BRUSSELS - Cyprus secured a package of rescue loans in tense, last-ditch negotiations early today, two EU diplomats said, saving the country from a banking system collapse and bankruptcy.
The cash-strapped island nation needs a $13 billion bailout to recapitalize its ailing lenders and keep the government afloat. The European Central Bank had threatened to cut crucial emergency assistance to the country's banks by Tuesday without an agreement.
The finance ministers of the 17-nation eurozone accepted the plan reached in 10 hours of negotiations in Brussels between Cypriot officials and the so-called troika of creditors: the International Monetary Fund, the European Commission and the ECB.
Under the plan, Cyprus' second-largest bank, Laiki, will be restructured and holders of bank deposits of more than 100,000 euros will have to take losses, the diplomats said. They spoke on condition of anonymity pending the official announcement. It was not immediately clear whether the holders of large deposits in the remaining Cypriot banks would equally be forced to take losses.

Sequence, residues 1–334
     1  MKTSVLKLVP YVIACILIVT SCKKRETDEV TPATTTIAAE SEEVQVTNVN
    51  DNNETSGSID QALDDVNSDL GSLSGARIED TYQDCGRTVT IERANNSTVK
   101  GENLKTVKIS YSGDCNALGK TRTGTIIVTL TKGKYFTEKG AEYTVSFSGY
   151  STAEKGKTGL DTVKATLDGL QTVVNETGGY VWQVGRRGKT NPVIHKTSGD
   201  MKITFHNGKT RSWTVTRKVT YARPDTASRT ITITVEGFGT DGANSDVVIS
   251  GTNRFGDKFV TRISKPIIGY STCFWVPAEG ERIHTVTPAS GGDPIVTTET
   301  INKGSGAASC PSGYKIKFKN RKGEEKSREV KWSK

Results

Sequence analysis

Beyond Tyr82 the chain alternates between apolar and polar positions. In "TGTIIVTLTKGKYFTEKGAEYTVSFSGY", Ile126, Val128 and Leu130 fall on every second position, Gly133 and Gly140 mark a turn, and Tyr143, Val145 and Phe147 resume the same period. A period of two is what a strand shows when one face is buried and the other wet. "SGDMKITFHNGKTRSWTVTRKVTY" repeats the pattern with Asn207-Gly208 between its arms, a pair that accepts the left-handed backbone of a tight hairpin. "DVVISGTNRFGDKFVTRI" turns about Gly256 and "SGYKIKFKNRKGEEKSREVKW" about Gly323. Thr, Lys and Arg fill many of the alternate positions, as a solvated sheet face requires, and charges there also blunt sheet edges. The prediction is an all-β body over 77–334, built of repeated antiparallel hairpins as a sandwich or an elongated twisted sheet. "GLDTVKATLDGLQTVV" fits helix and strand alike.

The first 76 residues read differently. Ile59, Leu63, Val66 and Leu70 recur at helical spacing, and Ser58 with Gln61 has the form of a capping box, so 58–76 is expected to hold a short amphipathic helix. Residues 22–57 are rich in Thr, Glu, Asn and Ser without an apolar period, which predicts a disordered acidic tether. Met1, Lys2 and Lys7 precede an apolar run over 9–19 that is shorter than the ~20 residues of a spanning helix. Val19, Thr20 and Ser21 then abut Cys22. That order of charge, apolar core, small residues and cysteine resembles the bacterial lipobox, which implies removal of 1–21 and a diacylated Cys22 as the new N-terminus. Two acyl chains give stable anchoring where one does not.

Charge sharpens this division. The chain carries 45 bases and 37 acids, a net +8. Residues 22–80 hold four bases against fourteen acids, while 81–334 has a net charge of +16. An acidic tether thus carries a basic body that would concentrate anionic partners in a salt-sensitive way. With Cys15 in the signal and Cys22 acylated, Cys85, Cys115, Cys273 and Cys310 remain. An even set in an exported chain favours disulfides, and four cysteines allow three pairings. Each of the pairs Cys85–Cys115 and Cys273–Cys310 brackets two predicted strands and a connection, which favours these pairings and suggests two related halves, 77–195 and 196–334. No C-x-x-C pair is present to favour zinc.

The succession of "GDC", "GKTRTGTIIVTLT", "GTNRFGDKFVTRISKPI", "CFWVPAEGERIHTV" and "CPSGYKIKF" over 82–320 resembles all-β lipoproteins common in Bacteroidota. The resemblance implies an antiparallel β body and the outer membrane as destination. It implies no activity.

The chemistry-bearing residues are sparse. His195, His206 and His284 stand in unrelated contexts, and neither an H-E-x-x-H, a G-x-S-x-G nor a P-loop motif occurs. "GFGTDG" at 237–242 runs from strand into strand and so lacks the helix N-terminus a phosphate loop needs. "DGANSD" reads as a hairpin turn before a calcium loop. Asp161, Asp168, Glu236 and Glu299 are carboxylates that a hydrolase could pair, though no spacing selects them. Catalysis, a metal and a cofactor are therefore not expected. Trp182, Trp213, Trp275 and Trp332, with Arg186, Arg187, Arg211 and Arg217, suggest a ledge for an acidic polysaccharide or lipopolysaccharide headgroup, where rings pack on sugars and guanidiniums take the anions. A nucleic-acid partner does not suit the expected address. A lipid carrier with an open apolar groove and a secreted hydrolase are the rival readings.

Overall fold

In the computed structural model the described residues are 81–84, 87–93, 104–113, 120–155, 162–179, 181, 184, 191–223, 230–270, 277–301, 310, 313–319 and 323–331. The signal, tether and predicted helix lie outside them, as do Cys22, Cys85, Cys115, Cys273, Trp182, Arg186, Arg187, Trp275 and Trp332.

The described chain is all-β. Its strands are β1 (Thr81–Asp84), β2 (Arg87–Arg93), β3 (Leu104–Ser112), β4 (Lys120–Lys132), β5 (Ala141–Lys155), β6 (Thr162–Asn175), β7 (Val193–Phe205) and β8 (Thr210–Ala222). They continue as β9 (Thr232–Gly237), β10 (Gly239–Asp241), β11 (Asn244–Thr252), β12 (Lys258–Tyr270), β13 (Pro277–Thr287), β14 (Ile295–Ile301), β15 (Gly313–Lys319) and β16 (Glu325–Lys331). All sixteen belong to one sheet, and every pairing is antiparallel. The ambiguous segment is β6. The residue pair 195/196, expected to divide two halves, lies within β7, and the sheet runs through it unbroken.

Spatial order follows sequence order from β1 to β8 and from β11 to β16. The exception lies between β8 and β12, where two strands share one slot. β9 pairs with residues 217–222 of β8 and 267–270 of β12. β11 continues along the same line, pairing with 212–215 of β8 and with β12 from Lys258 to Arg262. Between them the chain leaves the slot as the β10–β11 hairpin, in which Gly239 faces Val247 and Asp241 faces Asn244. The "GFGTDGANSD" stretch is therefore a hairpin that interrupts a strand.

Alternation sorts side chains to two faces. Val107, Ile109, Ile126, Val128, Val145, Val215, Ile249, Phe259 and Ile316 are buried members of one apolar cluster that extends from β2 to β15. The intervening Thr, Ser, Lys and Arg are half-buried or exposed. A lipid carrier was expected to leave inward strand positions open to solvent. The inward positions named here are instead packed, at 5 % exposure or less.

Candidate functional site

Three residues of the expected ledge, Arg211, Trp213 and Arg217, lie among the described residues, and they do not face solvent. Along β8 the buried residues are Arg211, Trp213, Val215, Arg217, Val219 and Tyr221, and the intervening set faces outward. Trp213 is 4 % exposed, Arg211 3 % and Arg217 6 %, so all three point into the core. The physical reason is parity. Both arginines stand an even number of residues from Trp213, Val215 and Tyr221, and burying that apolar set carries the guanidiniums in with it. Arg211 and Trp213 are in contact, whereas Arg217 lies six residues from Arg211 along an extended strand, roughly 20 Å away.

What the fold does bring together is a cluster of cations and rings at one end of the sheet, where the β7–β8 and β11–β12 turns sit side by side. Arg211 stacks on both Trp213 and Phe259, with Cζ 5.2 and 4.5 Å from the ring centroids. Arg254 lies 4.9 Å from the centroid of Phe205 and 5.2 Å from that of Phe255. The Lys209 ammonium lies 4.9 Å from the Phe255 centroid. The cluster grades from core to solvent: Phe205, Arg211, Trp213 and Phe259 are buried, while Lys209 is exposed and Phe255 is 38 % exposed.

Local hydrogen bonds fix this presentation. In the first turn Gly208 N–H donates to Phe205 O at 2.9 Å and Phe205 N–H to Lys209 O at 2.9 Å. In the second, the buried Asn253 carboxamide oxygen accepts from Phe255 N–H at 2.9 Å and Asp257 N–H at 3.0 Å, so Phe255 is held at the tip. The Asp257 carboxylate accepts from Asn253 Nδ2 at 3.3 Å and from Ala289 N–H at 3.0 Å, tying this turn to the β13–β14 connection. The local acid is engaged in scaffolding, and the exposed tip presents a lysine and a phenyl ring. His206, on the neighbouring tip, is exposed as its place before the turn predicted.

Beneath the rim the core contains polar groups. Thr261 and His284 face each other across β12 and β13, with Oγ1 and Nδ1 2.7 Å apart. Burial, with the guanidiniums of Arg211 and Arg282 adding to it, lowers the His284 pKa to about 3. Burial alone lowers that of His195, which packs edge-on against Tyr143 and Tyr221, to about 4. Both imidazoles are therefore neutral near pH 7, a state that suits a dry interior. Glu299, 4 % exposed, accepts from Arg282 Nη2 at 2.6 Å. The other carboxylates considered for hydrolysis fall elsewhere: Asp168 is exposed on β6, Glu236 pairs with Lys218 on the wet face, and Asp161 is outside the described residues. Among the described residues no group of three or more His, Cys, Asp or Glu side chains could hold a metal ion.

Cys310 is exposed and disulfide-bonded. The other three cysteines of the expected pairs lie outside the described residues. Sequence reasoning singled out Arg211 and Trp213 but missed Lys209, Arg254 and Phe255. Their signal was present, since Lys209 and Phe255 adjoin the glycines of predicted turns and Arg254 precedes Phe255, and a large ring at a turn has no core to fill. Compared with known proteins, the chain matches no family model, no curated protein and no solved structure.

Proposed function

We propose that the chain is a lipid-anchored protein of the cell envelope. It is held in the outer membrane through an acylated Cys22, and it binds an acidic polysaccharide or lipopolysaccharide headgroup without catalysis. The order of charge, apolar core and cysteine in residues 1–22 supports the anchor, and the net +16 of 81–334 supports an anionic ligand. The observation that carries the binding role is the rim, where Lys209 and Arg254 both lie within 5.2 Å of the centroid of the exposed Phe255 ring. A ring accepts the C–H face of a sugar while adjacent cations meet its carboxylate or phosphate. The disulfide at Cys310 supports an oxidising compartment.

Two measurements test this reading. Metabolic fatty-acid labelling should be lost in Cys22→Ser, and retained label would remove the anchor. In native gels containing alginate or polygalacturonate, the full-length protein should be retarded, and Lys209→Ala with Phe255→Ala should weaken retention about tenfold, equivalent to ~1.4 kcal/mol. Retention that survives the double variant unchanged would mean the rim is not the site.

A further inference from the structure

The diplomats also did not elaborate on how much large deposit holders would lose. Making them take a hit is expected to net several billion euros, reducing the amount of rescue loans the country needs.
Without a deal by this evening, the tiny Mediterranean island nation of about 1 million would have faced the prospect of bankruptcy, which could force it to abandon the euro currency and spur turmoil in the eurozone of 300 million people.
To secure a rescue loan package, Nicosia had to find ways to raise 5.8 billion euros so it could qualify for the 10 billion euro bailout package. The bulk of that money is now being raised by forcing losses on large deposit holders as well as bond holders in Laiki bank, which will be split into a bad bank of toxic assets and a remaining viable core business.
But Cyprus resisted pressure by creditors to also unwind the country's largest lender, Bank of Cyprus, the diplomat said.